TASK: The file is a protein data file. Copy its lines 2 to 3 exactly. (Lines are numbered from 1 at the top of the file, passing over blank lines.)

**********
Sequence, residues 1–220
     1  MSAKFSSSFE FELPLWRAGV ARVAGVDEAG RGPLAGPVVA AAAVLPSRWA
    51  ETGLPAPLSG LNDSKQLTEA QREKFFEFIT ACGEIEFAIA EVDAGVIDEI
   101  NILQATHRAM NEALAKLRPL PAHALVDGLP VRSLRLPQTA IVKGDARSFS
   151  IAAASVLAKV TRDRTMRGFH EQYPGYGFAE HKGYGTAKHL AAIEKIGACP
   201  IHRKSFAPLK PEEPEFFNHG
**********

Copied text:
     1  MSAKFSSSFE FELPLWRAGV ARVAGVDEAG RGPLAGPVVA AAAVLPSRWA
    51  ETGLPAPLSG LNDSKQLTEA QREKFFEFIT ACGEIEFAIA EVDAGVIDEI